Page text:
This is the first in a monthly series on sports psychology for polo. Experts and players discuss ways improve your mental game. This month Adam Snow, Sapo Caset, Diego Cavanagh and Memo Gracida talk about moving forward from defeat.
Four dejected players who just lost a major polo tournament ride solemnly off the field. When they get to the team tent the one who had missed what would have been the winning goal collapses into his chair, tosses a towel over his head and weeps. A teammate paces around cursing while another is silent, staring blankly into the distance. The fourth raises his fist in the air and vows, “La próxima! La próxima!” (Next time!)
That cauldron of emotions erupted after a high-stakes final in Argentina a few years ago. Even though polo players know that someone has to win and someone has to lose, that doesn’t make defeat any easier to cope with.
“Athletes hate to lose. Where losing hurts more is in the core of their existence, considering the sweat they put in to get to the final. It can be overwhelming, but losing a big final is not a matter of life and death, while it might be a matter of losing a big bonus,” says Stiliani “Ani” Chroni, Ph.D., professor of sport psychology and sports coaching at Inland Norway School of Sport Sciences in Elverum, Norway.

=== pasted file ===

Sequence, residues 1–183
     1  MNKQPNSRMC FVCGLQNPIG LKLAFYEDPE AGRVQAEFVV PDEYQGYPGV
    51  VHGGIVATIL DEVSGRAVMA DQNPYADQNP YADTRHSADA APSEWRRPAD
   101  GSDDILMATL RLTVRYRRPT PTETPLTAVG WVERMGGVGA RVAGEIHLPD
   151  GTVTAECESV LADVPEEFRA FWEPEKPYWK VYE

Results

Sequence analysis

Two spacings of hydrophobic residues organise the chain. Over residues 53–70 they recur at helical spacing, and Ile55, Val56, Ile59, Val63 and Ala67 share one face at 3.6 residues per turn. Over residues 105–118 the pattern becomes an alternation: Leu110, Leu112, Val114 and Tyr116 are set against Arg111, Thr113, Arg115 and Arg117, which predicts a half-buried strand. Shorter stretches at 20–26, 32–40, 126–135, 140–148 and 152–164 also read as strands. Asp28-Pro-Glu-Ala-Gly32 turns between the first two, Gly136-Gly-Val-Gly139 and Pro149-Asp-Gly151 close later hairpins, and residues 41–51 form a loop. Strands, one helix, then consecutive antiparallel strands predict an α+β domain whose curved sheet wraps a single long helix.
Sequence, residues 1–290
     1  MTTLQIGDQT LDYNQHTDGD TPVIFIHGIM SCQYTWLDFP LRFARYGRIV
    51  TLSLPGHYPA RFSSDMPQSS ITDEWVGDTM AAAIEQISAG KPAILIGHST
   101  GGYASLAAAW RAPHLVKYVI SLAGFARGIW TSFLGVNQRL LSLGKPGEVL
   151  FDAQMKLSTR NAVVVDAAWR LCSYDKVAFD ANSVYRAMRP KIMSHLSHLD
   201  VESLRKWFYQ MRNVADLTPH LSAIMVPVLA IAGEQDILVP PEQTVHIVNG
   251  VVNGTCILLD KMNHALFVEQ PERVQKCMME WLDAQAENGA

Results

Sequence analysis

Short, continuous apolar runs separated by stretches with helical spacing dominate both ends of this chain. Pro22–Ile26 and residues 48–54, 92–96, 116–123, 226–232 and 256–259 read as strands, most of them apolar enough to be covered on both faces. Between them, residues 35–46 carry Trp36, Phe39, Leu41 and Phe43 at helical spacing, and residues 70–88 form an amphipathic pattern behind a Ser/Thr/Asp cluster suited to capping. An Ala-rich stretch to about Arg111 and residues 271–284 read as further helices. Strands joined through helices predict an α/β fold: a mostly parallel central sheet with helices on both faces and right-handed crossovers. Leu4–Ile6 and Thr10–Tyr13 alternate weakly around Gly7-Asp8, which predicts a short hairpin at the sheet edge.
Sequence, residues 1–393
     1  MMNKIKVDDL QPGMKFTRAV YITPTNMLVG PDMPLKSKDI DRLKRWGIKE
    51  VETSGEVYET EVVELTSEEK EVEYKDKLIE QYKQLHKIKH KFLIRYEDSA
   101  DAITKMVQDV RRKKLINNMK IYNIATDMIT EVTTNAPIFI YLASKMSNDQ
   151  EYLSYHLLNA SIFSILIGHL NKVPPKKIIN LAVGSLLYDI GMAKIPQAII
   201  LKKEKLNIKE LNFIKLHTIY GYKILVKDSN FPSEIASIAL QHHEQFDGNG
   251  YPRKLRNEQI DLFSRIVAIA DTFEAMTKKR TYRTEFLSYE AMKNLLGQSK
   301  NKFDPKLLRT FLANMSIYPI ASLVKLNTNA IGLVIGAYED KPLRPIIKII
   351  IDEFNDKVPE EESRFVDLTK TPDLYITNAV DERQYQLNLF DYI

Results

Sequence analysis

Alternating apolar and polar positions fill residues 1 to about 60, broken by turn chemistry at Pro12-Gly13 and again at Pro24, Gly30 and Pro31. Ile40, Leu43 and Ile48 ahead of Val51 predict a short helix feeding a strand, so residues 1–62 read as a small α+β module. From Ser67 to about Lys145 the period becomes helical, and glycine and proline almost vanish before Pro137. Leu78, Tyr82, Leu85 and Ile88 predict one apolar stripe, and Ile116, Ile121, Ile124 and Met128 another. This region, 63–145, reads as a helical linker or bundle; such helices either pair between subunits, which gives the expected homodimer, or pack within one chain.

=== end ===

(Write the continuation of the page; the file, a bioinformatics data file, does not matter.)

“To thrive in sport you have to manage your emotions, accept the result and move on,” she says.
That’s easier said than done in polo, which comes with a unique set of pressures that other sports don’t have, says Kristen Dieffenbach, associate professor of athletic coaching education at West Virginia University and an executive board member at the Association for Applied Sport Psychology.
Polo has a multi-generational legacy, especially in Argentina, that can trigger deep-rooted emotions, notes Dieffenbach, who has studied and counseled polo players.
“Polo is a sport with a rich family dynasty component, so you may have family dynamics mixed with the family business in addition to the performance intensity an elite team has. That creates the added pressure of meeting the expectation of teammates as well as upholding a family legacy,” she says.
“It’s devastating to lose the winning shot. Raw emotion is okay as long as you’re not doing something that harms yourself or others. But take a reality check. Reflect honestly on your performance. Rarely do you lose a game because you were terrible. You may have made a serious mistake, but probably the rest of the game you performed well.”